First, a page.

Did a Flower Shortage Kill the Woolly Mammoth?

Or did a mammoth shortage kill the flowers?
By Matt Cantor,  Newser Staff
Posted Feb 8, 2014 7:36 AM CST
Did a Flower Shortage Kill the Woolly Mammoth?
Woolly mammoths' biggest enemy may have been disappearing flowers.   (Shutterstock)

Scary as they might have looked, woolly mammoths had a decidedly non-threatening diet: They feasted on small flowers, according to a new theory. And the decline of these once-abundant plants, called forbs, may explain the disappearance of the mammoths themselves, NPR reports. Experts had believed woolly mammoths ate grass, but researchers in Denmark are questioning that theory. Their analysis of ancient, frozen soil from northern Russia, Canada, and Alaska suggests that forbs were all over the place. "I'm pretty sure it would have been a beautiful landscape because of all these flowering plants," says the author of the study in Nature.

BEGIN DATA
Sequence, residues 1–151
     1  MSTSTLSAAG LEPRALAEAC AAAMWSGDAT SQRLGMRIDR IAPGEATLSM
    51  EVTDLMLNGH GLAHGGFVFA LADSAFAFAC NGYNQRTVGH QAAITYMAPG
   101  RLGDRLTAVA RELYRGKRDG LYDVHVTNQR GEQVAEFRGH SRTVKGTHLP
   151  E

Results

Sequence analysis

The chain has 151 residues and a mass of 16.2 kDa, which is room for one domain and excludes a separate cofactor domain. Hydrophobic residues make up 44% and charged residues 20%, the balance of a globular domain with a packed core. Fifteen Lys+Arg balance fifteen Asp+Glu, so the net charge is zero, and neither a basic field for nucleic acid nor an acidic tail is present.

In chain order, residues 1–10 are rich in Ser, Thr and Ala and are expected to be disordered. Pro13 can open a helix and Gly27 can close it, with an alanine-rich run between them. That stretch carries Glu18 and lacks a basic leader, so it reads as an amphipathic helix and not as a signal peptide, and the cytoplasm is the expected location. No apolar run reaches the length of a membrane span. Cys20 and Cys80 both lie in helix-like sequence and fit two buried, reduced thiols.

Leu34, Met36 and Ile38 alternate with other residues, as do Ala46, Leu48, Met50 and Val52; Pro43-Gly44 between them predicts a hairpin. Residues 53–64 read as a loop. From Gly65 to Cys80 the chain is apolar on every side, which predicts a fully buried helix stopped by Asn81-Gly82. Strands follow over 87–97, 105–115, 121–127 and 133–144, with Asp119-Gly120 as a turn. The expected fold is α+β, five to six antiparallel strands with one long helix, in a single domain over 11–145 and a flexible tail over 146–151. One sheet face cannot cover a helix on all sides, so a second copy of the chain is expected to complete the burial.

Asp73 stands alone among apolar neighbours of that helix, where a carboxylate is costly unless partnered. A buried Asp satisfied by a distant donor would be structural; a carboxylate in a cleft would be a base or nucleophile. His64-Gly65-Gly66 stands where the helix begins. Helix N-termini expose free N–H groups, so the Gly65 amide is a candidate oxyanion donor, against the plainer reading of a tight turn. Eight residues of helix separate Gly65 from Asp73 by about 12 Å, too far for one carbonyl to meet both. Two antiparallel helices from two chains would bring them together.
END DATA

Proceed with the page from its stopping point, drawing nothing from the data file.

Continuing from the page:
His team also investigated the stomach contents and excrement of frozen woolly mammoths. They concluded that "the dominant source food that these animals were eating were in fact the flowering plants and not so much the grasses," says author Eske Willerslev. Forbs may have provided essential protein and been more digestible than grass, he tells National Geographic. Climate change at the end of the last Ice Age likely doomed the flowers, which in turn would have spelled disaster for the mammoths. Or vice versa, notes a dissenting scientist to NPR: Mammoth poop may have fertilized the flowers, so perhaps the mammoths' decline (sped along by early human hunters) helped wipe out the flowers. Either way, both disappeared about the same time. (In another prehistoric discovery, scientists spotted 800,000-year-old footprints in Britain.)

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